FiveThirtyEight editor-in-chief Nate Silver poo-pooed the notion that Russian trolls really helped President Trump defeat Hillary Clinton in the 2016 election in a series of tweets on Monday.
It all started when MSNBC host Chris Hayes mocked a meme, allegedly produced by Russians, in which Jesus counsels someone addicted to masturbating. Liberal journalist Ted Ganoways joked that Cambridge Analytica's Facebook data identified a group of likely Republican voters who are “compulsive masturbators” – but Silver didn’t appear amused.
“It's far more likely that the Russians were just throwing a bunch of s--- at the wall and seeing what stuck and that basing it on Cambridge Analytica data wouldn't have been meaningfully more effective than doing it at random,” Silver tweeted in response.
"If you wrote out a list of the most important factors in the 2016 election, I'm not sure that Russian social media memes would be among the top 100."
The famed statistician continued: “If you wrote out a list of the most important factors in the 2016 election, I'm not sure that Russian social media memes would be among the top 100. The scale was quite small and there's not much evidence that they were effective.”
Silver then pointed to a Washington Post story that “makes a big deal about a (post-election) Russian social media disinformation campaign on Bob Mueller,” but mocked it for being based on only 5,000 tweets, which is “nothing” in the big scheme of things.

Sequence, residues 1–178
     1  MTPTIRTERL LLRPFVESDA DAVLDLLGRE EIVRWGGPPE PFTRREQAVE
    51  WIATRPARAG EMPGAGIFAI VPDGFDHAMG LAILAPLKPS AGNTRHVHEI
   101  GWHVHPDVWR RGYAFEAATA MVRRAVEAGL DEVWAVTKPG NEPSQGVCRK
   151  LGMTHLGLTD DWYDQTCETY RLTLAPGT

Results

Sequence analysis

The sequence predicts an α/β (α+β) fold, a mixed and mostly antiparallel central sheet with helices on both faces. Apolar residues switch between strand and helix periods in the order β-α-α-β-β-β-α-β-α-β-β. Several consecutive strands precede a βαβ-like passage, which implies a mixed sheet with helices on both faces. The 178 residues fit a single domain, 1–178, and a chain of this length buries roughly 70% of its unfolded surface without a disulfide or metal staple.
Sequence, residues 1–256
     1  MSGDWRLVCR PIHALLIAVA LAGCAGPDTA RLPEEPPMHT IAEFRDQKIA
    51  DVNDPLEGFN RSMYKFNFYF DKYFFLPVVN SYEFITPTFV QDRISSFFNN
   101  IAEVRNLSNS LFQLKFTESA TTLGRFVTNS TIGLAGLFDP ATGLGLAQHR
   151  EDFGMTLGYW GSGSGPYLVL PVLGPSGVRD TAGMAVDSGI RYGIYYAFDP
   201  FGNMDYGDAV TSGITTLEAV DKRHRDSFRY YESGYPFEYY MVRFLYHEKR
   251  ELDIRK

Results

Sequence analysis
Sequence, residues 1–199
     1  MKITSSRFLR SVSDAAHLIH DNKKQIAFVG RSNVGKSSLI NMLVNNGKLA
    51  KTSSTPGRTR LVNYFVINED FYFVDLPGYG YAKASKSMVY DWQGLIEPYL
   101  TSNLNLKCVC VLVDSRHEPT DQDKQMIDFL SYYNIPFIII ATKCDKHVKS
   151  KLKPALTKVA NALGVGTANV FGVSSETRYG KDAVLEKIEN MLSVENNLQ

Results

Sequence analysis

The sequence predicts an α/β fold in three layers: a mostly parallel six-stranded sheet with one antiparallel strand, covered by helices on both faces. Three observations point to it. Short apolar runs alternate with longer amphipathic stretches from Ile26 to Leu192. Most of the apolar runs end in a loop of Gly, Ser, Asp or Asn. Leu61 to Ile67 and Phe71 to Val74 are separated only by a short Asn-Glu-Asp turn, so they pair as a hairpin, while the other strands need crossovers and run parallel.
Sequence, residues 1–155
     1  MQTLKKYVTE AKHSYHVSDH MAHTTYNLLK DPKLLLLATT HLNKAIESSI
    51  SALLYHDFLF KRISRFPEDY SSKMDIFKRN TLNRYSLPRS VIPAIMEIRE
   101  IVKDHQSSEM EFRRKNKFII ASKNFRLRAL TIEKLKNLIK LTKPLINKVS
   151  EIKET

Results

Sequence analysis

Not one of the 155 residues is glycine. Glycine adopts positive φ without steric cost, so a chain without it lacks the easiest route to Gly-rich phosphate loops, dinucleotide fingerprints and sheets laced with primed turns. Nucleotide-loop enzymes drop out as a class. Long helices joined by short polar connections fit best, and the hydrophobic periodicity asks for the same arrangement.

“Platform-wide, there are something like 500,000,000 tweets posted each day,” Silver wrote. “What fraction of overall social media impressions on the 2016 election were generated by Russian troll farms? 0.1%? I'm not sure what the answer is, but suspect it's low, and it says something that none of the reports that hype up the importance of them address that question.”
“What fraction of overall social media impressions on the 2016 election were generated by Russian troll farms? 0.1%? I'm not sure what the answer is, but suspect it's low."
Silver continued his explanation on Tuesday, noting that “it's pretty bad to take any residual difference between expectations and reality and attribute it to Russia,” and felt he could sum up 2016 in one tweet.
“Hard for a party to win 3 in a row; Clinton unpopular for many reasons, including MSM fixation on email; Trump also unpopular, but GOP voters were loyal and racially-tinged populism worked among non-college whites, who are overrepresented in Electoral College,” he wrote.
The tweets came as new reports for the Senate Intelligence Committee outlined the scope of Russia's influence campaign during the 2016 presidential election, describing it as a sophisticated and multifaceted effort to target certain groups and sow political division among the public across social media platforms.
Silver isn’t shy on social media and was recently mocked for claiming Republicans are critical of incoming Democratic Rep. Alexandria Ocasio-Cortez because of her “race and gender.” He argued that the animosity toward the self-described Democratic Socialist is based in bigotry, which prompted criticism from conservatives.
Silver eventually offered up this clarification:
“Put differently, New Yorkers are very good at trolling, and Washington has extreme troll-vulnerability. It's always made for a mismatch but more pronounced now that we're in the Golden Age of Trolling. We may need to move the capital back to Philly to keep it a fair fight.”
Fox News’ Joseph A. Wulfsohn contributed to this report.